Paradoxes of our educational system

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Pontiac Perspectives by Peter Gauthier


Pontiac Perspectives by Peter Gauthier

In his June 20 column, Fred Ryan asked, “Are school boards functioning as they should, and, if so, why are so many kids under-educated?” In the August 15 letters, Jim Shea of the Western Québec School Board assured the community that education standards and success rates are well beyond the expected norm, and merit Mr. Ryan’s accolades and community reassurance. The fact that both views have merit illustrates some of the paradoxes of our educational system.
But before any evaluation can be made on these statements, some preliminary information is needed. First, the international standard for high school competency is given in the results and rankings of the OECD PISA (Programme
for International Student Assessment) tests. This is a set of standard tests
in Science, Math and Language conducted every three years with 72 nations participating. Here, Canada does very well, always among the top 10 (latest ranking is 7). We are far ahead of the USA, Great Britain, and France.
A second measure of educational standards is the percentage of working adults who have tertiary education (beyond high school). Here, Canada is a super-power (according to a recent report by the BBC). At 55%, Canada has the world’s highest proportion of working-age adults who have completed higher
education – the OECD average is 35%.
But education is a provincial or territorial matter, so let’s look at some Québec numbers.  In the math portion of the PISA tests, Québec students rank at the very top, but in science and language, Québec is significantly behind Ontario, British Columbia and Alberta.  And for tertiary education, Québec’s CEGEP system results in more Québec students completing a university degree after they’ve started a program of studies compared to high school students from other provinces.
Now for the other side of the education paradox. Of Canada’s post-secondary graduates in STEM subjects (Science, Technology, Engineering and Math), almost 50% are recent immigrants – our immigration system favours those with higher education. At the high school graduation level, 85% of Canadians have a completion certificate. However, a recent study by the Québec government showed that only 74% of Québec youth under 20 have graduated from high school. Students in the English system fared better – close to the national average.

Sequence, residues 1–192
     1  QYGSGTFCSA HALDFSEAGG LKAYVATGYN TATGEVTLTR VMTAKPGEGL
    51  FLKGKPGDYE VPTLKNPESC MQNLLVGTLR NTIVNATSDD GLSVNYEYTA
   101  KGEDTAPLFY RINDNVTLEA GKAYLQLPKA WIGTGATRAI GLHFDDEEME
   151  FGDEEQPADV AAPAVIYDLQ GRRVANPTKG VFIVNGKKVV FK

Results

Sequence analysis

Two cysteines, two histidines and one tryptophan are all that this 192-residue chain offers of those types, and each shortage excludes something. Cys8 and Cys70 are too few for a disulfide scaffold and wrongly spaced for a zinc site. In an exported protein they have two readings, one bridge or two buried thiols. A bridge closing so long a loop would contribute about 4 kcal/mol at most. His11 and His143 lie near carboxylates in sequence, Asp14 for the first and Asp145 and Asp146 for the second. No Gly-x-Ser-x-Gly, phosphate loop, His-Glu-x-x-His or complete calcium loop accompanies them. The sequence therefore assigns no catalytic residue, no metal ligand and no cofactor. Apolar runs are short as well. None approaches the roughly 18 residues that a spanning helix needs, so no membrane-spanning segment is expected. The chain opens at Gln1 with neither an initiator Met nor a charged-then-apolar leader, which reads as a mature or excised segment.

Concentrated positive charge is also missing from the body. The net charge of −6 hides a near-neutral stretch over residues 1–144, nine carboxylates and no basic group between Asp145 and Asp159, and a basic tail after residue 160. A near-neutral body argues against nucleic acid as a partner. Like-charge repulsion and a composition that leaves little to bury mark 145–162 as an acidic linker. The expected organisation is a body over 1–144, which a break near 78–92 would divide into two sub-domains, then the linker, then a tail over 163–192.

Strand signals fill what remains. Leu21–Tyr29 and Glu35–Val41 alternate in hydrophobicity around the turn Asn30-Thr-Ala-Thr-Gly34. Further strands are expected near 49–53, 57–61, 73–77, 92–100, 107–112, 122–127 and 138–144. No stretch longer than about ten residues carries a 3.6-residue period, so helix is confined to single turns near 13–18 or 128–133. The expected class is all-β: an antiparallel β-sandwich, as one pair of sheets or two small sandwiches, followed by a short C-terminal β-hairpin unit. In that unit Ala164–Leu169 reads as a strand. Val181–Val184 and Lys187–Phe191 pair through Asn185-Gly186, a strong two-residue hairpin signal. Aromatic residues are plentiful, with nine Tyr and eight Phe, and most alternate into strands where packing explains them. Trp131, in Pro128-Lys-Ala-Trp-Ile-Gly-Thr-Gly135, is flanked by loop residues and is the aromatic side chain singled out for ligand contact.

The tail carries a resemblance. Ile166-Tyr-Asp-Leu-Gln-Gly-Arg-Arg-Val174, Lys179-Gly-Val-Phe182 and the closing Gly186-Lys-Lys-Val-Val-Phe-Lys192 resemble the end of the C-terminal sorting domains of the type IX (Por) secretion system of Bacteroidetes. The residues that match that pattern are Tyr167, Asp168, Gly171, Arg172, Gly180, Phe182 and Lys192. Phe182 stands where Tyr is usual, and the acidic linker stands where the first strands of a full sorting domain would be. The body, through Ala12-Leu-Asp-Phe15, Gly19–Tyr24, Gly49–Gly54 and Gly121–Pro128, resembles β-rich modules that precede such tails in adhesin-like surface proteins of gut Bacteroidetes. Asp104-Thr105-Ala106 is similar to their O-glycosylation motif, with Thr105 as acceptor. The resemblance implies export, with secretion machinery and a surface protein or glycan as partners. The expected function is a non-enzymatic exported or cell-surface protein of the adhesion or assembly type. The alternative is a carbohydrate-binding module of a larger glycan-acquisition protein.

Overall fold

Looking at MRC Pontiac, however, the numbers are not encouraging.  Current educational statistics group MRC Pontiac with Western Québec, but earlier reports indicated that, in the MRC Pontiac, more than 40% of the labour force didn’t have a high school diploma.
Canada and Québec have some very good education numbers, and also some very bad ones. What is needed in the Pontiac and Western Québec is an honest assessment of not just our educational system, but our entire community’s attitude toward education.  Consider some questions that should be asked: Why do graduates from Pontiac schools have to move elsewhere to find employment? Why are class sizes 25 to 30 students per teacher when studies recommend 10 to 15 students for the best learning environment? Is our current curriculum
giving students the skills they need to be active citizens in a world of high technology and fake news? Do our students have support from their family and community?
There are some real issues for the Western Québec school boards to respond to, but answers must also come from all citizens of West Québec. Learning should be
a continuous, life-long endeavour. This may be the biggest paradox of all – true education never ends. School boards are an important piece in solving the education paradox, but real education involves the whole community.